An Asset Management system like this should be fully integrated with a Help Desk system so that time-sensitive equipment information can be pulled during incident resolution.
- Access to Knowledge Bases: At times, Support personnel need to view related content that can help them to solve the incident. Knowledge Bases provide teams with access to specific information that is invaluable for incident resolution. For example, a KB article could provide specific directions about how to solve configuration change requests or how to set up new users/clients; a client-specific KB articles could detail solutions unique to a client or user system configuration.
- Links to Policies & Procedures: More formal policy and procedure documents should also be accessible from within tickets, particularly for compliant-sensitive industries such as the electrical and financial compliance sectors. For example, a ticket request for potentially sensitive data may need to undergo strict regulatory evaluation prior to the release of information. Access to the relevant procedures for handling such requests could mean the difference between a state of compliance or potentially damaging the company’s credibility.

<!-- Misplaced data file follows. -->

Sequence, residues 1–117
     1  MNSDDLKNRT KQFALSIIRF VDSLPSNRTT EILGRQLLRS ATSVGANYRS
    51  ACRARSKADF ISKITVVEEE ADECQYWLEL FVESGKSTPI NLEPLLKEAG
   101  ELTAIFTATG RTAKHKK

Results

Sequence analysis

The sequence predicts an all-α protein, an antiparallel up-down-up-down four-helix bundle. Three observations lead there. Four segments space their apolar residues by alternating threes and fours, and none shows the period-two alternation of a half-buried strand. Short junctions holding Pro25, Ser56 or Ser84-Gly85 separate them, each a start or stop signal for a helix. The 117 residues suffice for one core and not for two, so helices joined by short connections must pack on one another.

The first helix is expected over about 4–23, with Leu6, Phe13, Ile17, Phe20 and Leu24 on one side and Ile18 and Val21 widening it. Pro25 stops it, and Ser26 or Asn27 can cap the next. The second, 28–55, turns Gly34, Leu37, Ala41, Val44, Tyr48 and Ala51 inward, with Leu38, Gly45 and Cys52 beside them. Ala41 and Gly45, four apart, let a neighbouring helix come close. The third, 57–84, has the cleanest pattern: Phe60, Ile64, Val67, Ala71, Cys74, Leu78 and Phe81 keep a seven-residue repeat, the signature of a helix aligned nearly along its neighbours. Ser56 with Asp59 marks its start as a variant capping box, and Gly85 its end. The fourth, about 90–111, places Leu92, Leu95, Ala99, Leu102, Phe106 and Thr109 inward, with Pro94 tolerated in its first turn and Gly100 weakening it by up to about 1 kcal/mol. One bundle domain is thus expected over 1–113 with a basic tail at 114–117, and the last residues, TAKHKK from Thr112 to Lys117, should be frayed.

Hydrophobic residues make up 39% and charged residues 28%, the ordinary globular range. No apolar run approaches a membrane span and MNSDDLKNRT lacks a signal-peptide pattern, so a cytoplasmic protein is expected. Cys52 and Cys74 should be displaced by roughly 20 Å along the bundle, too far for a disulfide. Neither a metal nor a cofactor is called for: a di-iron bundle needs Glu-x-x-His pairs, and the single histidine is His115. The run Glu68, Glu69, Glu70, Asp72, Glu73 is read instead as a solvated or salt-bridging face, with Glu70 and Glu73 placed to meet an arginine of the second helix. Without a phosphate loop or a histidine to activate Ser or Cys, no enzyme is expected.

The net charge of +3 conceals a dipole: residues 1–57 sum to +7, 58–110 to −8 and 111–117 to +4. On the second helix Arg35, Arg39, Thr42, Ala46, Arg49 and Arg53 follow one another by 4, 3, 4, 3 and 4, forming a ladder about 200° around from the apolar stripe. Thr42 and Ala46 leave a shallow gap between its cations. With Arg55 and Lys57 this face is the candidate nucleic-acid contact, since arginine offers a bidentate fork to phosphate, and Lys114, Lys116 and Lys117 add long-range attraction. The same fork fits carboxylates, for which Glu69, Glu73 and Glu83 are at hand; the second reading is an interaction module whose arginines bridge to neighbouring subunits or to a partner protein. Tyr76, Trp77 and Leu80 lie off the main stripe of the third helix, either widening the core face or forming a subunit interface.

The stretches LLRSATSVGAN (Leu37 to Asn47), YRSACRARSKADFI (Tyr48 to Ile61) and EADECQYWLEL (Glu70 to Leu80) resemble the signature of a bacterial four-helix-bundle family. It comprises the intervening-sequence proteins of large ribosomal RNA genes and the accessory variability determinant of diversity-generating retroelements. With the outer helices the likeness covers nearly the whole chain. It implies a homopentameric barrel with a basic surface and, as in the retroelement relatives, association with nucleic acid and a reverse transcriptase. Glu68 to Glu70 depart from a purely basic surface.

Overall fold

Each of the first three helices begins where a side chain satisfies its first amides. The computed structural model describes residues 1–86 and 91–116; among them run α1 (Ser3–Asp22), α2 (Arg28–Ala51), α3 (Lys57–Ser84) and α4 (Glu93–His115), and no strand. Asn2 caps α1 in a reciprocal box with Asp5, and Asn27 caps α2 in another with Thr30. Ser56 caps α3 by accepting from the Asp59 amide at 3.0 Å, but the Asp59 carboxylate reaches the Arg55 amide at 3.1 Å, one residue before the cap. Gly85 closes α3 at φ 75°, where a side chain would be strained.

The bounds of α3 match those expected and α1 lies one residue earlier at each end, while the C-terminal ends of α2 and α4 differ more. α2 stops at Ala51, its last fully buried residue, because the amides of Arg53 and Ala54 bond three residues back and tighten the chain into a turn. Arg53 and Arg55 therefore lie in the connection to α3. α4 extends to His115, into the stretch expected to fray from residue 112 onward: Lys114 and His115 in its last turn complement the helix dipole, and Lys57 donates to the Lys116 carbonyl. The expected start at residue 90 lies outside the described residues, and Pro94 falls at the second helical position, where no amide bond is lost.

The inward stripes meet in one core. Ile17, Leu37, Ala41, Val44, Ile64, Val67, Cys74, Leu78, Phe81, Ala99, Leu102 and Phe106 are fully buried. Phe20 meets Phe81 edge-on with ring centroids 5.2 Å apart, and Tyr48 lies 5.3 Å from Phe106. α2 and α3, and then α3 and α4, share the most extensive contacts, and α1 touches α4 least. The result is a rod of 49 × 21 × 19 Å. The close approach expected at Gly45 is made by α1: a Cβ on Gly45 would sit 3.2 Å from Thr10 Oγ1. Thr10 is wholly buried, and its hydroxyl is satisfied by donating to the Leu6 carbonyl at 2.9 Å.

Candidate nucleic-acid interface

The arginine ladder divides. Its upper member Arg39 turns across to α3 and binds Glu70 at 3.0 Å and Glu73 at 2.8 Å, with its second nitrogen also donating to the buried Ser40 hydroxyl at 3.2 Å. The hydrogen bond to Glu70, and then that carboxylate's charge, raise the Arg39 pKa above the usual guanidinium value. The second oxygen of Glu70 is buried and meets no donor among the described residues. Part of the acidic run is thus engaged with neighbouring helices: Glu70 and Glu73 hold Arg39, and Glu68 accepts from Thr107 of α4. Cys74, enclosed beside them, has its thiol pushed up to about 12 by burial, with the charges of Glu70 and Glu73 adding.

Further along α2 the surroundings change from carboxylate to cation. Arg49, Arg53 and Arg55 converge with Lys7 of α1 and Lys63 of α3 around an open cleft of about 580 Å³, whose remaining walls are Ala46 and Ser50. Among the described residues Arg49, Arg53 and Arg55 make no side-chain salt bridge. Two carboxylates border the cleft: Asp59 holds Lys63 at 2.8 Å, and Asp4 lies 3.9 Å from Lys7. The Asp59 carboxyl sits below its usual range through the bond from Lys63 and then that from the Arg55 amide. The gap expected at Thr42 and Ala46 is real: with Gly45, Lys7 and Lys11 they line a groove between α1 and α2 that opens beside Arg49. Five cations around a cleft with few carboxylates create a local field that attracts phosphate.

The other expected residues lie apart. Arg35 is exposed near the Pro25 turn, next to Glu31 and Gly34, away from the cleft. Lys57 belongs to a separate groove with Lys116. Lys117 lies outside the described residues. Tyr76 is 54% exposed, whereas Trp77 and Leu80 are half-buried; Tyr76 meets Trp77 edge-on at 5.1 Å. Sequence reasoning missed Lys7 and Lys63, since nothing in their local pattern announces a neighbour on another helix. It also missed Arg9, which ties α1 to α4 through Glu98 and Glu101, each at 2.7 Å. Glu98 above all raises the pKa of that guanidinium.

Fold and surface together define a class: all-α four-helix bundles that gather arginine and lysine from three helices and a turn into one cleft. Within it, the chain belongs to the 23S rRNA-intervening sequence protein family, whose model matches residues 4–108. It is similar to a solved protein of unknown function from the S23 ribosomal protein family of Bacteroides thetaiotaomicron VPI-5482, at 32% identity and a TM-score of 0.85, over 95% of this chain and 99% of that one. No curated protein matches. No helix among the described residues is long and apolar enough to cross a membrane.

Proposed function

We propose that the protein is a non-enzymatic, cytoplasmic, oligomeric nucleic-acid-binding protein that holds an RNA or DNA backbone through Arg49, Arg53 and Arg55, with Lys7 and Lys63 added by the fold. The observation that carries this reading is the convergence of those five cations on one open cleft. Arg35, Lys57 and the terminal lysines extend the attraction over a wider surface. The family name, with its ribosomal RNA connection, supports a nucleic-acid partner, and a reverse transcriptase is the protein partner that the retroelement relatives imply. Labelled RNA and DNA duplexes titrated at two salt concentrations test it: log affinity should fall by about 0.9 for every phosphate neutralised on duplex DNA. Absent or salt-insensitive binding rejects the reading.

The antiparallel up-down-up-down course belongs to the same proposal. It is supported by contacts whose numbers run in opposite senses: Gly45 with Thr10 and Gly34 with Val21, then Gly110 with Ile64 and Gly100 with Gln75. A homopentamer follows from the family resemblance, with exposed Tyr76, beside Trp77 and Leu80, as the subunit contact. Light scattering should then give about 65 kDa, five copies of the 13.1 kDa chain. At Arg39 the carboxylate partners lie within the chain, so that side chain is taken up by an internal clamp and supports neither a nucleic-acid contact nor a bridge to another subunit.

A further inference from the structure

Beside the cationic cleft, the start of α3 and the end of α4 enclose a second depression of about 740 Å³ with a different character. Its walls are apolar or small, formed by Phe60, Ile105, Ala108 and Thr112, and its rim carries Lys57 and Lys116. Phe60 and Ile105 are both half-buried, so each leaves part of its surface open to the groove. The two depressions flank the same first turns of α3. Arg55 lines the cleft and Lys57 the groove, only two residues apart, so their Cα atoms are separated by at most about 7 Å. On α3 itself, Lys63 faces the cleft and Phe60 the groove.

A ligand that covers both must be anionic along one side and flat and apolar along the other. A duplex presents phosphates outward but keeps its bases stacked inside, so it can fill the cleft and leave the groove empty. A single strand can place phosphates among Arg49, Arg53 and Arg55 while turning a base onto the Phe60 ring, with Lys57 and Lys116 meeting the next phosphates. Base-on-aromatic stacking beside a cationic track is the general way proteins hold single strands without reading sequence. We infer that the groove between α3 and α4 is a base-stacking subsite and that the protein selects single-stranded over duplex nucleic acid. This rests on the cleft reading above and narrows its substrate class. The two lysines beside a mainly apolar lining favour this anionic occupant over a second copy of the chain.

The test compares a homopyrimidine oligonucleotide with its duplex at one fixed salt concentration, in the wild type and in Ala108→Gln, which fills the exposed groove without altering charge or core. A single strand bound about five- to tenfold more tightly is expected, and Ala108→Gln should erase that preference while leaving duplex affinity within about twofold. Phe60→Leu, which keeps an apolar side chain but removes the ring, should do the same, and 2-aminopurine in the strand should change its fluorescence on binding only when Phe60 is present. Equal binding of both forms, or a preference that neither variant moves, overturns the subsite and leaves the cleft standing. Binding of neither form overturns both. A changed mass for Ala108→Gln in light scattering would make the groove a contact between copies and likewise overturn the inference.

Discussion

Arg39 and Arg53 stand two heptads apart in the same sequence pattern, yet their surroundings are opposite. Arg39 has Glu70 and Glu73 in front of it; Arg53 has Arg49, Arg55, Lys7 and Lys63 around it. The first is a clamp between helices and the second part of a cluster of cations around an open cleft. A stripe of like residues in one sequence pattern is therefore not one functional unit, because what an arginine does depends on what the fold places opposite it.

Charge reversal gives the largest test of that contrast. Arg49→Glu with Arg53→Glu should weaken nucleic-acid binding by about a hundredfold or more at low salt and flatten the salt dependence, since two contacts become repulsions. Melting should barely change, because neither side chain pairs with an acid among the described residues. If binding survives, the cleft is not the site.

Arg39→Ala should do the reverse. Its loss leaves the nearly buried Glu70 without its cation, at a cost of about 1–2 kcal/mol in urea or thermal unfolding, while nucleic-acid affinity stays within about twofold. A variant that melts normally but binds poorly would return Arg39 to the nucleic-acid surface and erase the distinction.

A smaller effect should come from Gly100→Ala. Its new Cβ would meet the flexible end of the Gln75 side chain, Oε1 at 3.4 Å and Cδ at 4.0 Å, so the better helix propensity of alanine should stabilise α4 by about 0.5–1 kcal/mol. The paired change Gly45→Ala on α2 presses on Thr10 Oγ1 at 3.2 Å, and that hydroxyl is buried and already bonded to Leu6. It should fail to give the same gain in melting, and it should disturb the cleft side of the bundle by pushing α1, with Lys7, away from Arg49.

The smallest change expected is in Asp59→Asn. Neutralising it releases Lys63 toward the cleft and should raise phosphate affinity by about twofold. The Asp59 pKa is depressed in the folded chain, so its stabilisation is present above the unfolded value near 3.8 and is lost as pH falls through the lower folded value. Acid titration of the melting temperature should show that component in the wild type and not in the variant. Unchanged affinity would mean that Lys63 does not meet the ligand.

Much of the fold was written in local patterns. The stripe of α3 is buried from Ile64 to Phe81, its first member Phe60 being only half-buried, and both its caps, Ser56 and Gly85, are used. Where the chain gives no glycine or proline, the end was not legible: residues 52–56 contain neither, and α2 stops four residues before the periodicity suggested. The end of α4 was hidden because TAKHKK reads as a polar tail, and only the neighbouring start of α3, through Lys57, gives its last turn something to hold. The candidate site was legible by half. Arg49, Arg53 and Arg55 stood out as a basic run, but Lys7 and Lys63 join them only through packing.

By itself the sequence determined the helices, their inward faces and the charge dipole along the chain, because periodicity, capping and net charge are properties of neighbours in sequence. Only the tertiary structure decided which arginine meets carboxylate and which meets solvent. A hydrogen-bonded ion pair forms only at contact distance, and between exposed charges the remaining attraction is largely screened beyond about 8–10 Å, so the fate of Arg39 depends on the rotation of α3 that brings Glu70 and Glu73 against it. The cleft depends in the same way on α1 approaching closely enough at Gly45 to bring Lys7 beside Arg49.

#4: Being Available
In the world of Support, there are times when you need to be available outside of the office. For critical situations, your immediate response to an escalated ticket is required without delay. To make this a reality, you need mobile access to an IT Help Desk system.
Basic mobile access (e.g., viewing tickets) is not comprehensive enough — what’s required is full interaction with the system: access tickets, make changes, respond to users, and close tickets. The feature set should be straightforward, but robust enough to handle important incidents in real-time.
A mobile-friendly Help Desk system should also support notifications and alerts that are 100% configurable in terms of alert triggers (e.g., outstanding tickets, tickets from specific users or clients).
#5: Continual Service Improvement